The Playlist

St. Vincent’s Synth-Funk ‘Pain,’ and 9 More New Songs

Hear tracks by Drake featuring Rick Ross, Bruno Mars and Anderson .Paak, Bebe Rexha and others.

St. Vincent previews a new album called “Daddy’s Home” with the squelchy “Pay Your Way in Pain.”
Credit…Zackery Michael
  • March 5, 2021

Every Friday, pop critics for The New York Times weigh in on the week’s most notable new songs and videos. Just want the music? Listen to the Playlist on Spotify here (or find our profile: nytimes). Like what you hear? Let us know at [email protected] and sign up for our Louder newsletter, a once-a-week blast of our pop music coverage.

St. Vincent (Annie Clark) piles artifice on artifice on the way to a digitized primal scream in “Pay Your Way in Pain,” from a new album, “Daddy’s Home,” due in May. A throwaway music-hall piano introduction cuts to fat, squelchy 1980s synthesizer tones as she sings, archly but with mounting desperation, about rejection on every front, surrounded by multiples of her own voice processed into gasping, tittering onlookers; they join her to harmonize on the words “pain” and “shame” like decades-later echoes of David Bowie singing “Fame.” It’s droll until it isn’t; at the end, she proclaims, “I want to be loved,” and that last word stretches for a rasping, breathless 17 seconds. JON PARELES

Pros recognize pros. It’s telling that Charli XCX (the Id Girl of hyperpop) and Matty Healy of the 1975 (the most self-conscious yet ambitious arena-rock deconstructionist) both chose to collaborate with No Rome, a Filipino songwriter and producer who melds introversion, melody and electronics. The song ends up on Charli XCX’s turf: teasing, danceable and unstable, flaunting its pitch-shifting and digital edits. But it’s also thoroughly danceable and flirtatious: full of mindless motion. PARELES

Both Anderson .Paak and Bruno Mars are diligent students of R&B history, especially devoted to its most opulent, funky and idealistic moments in the pre-disco 1970s. So it’s no surprise that their collaboration — Silk Sonic, though they also keep their own search-optimizing names in the billing — harks back, in “Leave the Door Open,” to the close-harmony seductions of groups like the Spinners, the Manhattans and the Stylistics; yes, kids, that’s an analog tape deck rolling as the video begins. The descending guitar glissando, the glockenspiel, the showy key changes, the contrast of grainy lead and perfectionist backup vocals, the detailed erotic invitation of the lyrics — “Come on over, I’ll adore you” — are all good things to revive. PARELES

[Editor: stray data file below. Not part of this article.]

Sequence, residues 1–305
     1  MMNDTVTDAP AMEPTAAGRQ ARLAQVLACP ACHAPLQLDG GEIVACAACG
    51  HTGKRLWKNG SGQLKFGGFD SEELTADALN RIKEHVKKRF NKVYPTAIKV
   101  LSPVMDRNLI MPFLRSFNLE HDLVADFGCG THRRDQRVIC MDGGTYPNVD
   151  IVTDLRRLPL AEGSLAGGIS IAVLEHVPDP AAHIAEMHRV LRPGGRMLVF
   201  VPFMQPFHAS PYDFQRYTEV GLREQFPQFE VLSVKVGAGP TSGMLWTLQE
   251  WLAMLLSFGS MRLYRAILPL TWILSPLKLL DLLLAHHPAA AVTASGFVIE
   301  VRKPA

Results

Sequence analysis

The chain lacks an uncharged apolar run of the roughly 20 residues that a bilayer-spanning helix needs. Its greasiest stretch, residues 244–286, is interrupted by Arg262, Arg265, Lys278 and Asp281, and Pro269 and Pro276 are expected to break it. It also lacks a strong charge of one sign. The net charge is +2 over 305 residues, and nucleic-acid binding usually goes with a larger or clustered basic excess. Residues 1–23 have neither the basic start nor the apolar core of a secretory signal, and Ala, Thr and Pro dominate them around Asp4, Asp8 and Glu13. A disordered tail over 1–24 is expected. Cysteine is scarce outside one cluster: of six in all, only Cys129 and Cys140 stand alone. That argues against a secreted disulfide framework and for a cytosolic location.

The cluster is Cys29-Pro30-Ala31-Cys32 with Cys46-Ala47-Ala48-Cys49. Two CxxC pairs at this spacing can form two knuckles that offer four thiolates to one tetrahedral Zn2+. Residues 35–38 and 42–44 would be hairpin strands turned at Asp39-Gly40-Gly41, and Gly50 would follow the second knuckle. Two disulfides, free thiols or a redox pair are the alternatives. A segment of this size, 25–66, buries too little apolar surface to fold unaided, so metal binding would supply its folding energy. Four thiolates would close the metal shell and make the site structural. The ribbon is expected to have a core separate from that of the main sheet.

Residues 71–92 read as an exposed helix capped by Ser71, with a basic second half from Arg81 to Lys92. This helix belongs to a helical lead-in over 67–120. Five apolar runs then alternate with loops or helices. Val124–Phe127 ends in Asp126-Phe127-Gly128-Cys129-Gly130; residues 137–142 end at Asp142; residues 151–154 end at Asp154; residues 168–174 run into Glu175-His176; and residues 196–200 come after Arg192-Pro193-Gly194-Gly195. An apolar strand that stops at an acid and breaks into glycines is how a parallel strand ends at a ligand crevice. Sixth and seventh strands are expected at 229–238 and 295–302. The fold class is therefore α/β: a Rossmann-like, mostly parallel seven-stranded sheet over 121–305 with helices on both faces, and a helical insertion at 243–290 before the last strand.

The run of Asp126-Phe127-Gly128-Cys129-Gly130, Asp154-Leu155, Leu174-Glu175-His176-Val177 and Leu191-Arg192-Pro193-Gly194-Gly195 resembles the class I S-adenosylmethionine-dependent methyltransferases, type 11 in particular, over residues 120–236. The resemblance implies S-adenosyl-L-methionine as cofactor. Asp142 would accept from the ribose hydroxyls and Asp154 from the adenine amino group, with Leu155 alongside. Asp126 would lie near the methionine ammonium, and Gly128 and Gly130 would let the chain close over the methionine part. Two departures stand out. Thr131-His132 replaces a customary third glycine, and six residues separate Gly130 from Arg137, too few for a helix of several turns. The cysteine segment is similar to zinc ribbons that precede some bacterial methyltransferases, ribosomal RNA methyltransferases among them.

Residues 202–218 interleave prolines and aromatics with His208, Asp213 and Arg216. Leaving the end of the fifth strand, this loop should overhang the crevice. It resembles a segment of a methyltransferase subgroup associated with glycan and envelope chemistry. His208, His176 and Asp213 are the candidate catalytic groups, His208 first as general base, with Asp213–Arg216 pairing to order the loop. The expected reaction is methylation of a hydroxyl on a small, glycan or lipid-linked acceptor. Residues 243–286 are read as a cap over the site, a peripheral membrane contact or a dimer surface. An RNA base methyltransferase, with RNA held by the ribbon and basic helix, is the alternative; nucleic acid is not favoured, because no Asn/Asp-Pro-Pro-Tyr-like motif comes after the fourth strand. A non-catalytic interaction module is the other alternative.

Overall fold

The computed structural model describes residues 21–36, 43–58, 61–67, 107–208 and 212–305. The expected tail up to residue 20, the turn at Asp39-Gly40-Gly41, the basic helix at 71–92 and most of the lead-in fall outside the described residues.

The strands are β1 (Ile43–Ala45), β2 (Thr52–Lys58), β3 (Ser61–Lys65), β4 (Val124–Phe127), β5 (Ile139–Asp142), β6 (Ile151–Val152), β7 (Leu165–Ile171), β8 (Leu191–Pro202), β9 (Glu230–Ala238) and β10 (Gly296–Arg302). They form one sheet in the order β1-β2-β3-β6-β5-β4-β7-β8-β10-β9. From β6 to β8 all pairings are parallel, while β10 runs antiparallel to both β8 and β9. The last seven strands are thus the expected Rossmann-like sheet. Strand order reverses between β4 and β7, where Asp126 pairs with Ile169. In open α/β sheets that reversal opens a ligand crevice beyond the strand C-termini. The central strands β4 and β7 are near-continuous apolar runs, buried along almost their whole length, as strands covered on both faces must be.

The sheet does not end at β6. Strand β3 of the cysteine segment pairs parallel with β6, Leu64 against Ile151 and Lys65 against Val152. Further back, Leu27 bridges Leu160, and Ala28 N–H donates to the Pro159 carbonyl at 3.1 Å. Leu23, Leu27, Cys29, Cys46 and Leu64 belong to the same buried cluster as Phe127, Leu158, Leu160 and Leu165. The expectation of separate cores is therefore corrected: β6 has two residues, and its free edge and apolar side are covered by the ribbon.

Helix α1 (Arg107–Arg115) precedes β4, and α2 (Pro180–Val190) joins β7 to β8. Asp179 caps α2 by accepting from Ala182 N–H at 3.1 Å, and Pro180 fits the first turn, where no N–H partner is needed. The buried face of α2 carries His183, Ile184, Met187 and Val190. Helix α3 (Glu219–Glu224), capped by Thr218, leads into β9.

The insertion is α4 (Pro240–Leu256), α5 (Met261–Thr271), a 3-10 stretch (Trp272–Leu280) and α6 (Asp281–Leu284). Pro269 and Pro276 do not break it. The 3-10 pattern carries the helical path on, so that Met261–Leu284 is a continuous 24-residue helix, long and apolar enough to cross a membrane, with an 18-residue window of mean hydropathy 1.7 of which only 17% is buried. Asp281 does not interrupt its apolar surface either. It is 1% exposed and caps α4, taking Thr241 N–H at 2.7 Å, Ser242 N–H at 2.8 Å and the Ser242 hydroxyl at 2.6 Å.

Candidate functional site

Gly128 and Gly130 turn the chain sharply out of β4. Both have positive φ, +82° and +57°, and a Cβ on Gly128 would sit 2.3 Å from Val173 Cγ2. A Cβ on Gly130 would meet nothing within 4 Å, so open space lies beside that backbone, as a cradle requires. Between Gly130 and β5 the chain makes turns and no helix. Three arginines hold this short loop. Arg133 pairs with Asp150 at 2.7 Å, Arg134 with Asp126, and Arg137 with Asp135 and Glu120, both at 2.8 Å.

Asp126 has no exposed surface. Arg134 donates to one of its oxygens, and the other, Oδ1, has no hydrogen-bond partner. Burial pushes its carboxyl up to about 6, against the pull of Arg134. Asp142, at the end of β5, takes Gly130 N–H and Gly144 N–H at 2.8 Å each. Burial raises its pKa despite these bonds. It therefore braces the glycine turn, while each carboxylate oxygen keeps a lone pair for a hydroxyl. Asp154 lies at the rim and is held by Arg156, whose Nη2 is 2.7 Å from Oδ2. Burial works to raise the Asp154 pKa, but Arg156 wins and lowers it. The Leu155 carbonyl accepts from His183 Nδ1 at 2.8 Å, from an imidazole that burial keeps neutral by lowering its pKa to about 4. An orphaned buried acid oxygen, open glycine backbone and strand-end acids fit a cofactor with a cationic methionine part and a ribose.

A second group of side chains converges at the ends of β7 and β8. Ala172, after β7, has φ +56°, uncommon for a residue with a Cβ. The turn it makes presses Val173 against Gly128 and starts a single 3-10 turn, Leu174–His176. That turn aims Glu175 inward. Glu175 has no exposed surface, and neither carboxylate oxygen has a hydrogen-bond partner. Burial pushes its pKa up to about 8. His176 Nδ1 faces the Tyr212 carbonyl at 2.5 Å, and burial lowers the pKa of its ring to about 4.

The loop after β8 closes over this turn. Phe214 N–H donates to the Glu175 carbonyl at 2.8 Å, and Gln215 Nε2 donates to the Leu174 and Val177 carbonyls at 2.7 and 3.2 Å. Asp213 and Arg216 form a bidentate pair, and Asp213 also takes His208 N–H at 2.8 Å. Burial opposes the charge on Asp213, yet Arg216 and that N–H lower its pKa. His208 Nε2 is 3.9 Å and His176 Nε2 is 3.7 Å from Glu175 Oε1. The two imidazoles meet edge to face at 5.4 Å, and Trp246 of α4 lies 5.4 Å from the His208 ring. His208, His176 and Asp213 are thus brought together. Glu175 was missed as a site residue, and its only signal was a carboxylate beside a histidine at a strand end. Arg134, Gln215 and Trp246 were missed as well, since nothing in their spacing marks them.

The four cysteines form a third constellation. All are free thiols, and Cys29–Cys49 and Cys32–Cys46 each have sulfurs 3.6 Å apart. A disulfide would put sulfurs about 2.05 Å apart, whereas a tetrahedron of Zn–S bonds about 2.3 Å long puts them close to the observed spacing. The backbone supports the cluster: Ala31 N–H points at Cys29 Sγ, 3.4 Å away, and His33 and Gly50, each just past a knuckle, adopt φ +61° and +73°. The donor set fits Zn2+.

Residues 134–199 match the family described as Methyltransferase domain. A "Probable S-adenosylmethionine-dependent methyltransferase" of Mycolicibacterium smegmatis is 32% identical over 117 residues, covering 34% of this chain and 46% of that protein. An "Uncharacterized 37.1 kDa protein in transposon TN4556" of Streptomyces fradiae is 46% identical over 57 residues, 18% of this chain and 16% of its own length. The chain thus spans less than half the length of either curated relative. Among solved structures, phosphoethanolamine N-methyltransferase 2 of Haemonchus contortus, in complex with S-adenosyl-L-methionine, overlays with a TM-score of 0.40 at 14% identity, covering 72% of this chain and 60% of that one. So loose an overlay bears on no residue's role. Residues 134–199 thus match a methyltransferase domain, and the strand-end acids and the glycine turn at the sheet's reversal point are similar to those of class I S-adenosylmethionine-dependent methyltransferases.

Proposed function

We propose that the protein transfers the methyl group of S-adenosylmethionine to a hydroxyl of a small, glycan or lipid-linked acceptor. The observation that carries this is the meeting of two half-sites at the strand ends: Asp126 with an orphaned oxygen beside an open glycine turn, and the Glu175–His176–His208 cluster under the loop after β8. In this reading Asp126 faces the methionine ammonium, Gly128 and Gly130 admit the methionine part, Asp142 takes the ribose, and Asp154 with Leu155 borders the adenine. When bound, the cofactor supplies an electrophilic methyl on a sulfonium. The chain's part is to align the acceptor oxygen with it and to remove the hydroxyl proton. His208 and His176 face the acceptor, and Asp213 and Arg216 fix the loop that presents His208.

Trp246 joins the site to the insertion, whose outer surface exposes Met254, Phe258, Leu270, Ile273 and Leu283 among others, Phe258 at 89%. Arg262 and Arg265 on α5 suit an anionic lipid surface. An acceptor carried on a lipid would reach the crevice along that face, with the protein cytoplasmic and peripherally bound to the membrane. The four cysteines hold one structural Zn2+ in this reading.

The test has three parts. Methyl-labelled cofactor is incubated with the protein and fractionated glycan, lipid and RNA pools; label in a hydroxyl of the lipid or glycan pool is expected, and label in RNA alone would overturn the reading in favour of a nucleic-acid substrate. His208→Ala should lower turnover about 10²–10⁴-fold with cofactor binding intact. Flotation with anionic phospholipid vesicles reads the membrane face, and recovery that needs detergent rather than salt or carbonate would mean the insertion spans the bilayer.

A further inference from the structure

What’s a palate cleanse for Drake is, for most rappers, out of the reach of their ambition and skill. In between albums, he tosses off songs that focus on his tougher side, leaning in to wordy verses largely bereft of melody. “Lemon Pepper Freestyle” — from his new “Scary Hours 2” EP — is a relaxed classic of the form, full of sly rhymes delivered so offhandedly it almost obscures the technical audacity within. The song features frequent mischief buddy Rick Ross, but promptly dispenses with him so that Drake can embark upon a four-plus minute verse touching on his notary public, some wild times in Vegas, smooth co-parenting (“I send her the child support/She send me the heart emoji”), the deadening effects of too much fame, the overpriced accouterments of too much fame and the usual confession/braggadocio nexus that even after more than a decade still stings: “To be real, man, I never did one crime/But none of my brothers can caption that line.” JON CARAMANICA